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First year no honeymoon for Sun-Netscape venture

After a rocky first year, the alliance between Sun Microsystems and America Online's Netscape may find new strength from forays into the lucrative e-commerce software market.

After a rocky first year of marriage, the alliance between Sun Microsystems and America Online's Netscape may find new strength from forays into the lucrative e-commerce software market.

The Sun-Netscape Alliance, formed in late 1998, teamed two powerhouses in the still-evolving market for server-based Web software. Sun brought to the deal its highly regarded NetDynamics application server software. Netscape offered a wide range of technology, from application servers to directory software.

But Alliance quickly lost its early lead in the e-commerce software market in the face of stiff competition from IBM, Microsoft, Novell and other software makers. The reasons are many, say analysts: executive turnover, an uneasy integration between the two firms' technologies, and a confusing product roadmap that forced the partnership to mash their duplicate technologies into single products.

"Due to the poor communications within the alliance and a convoluted plan for the future, the application servers have languished, and the goodwill of customers and invaluable technical leadership have all but dried up," Giga Information Group analyst Mike Gilpin wrote in a recent report.

Alliance executives claim that its sales increased in the past year and that it has added about 15 new application server customers in the past quarter.

Still, Doculabs analyst Jeetu Patel said his clients seldom include Sun-Netscape Alliance's products as an option while shopping for e-commerce software. "We don't see them on as many 'short lists' as we used to," he said.

Alliance executives acknowledge past missteps and say they are now on the right course. After a year of transition, Sun-Netscape is ready to take on rivals. The company has ambitious plans to double yearly revenue from $500 million to $1 billion within two years.

"The first year was organizing, assessing and sorting things out, and we emerged with a sound strategy," said Marge Breya, chief marketing officer for Alliance. She acknowledged it had been tough to combine two different corporate cultures. "Year two is the year we basically land with a presence in this market and hopefully with strong results."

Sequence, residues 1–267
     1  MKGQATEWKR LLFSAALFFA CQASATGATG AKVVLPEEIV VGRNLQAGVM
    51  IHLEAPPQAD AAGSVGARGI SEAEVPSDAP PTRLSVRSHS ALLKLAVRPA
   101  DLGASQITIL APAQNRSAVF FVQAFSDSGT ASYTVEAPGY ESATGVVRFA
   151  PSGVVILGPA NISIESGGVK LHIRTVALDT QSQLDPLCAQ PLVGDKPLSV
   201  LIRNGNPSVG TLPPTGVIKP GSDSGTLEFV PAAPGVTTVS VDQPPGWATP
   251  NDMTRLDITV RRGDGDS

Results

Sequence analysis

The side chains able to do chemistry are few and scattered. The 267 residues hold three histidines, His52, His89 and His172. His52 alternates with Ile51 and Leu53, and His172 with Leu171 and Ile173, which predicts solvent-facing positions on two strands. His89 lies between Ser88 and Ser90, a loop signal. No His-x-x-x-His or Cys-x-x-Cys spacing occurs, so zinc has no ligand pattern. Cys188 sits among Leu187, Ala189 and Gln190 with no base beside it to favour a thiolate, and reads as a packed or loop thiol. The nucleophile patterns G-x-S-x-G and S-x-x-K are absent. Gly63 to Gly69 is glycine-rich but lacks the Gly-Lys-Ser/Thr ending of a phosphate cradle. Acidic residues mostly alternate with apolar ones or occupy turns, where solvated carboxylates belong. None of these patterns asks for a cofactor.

While analysts gave the alliance a thumbs down for its first year, they agree that there is a potentially bright future ahead. At the very least, they say, the venture can continue to make money marketing its brand name. Zona Research analyst Martin Marshall said Sun's strong position in the server market can help the firm sell e-commerce software for high-end computers.

The alliance stems from an agreement Sun and AOL made after AOL acquired Netscape in late 1998. The two companies last March detailed a strategy to build and sell software that allows businesses to create e-commerce Web sites.

Each firm originally brought about 1,000 employees to the project, but the venture was immediately dealt a blow through a series of employee departures from Netscape and Sun, including Zack Rinat, a Sun vice president who helped run Sun's e-commerce software group and founded NetDynamics.

Although Alliance executives say turnover was on par with the rest of Silicon Valley, one insider said fallout from news of the combination was high. For example, Rinat took about 20 former NetDynamics employees with him to a new start-up called ModelN. Netscape co-founder Marc Andreessen also took some Netscape alumni to Loudcloud, his new start-up.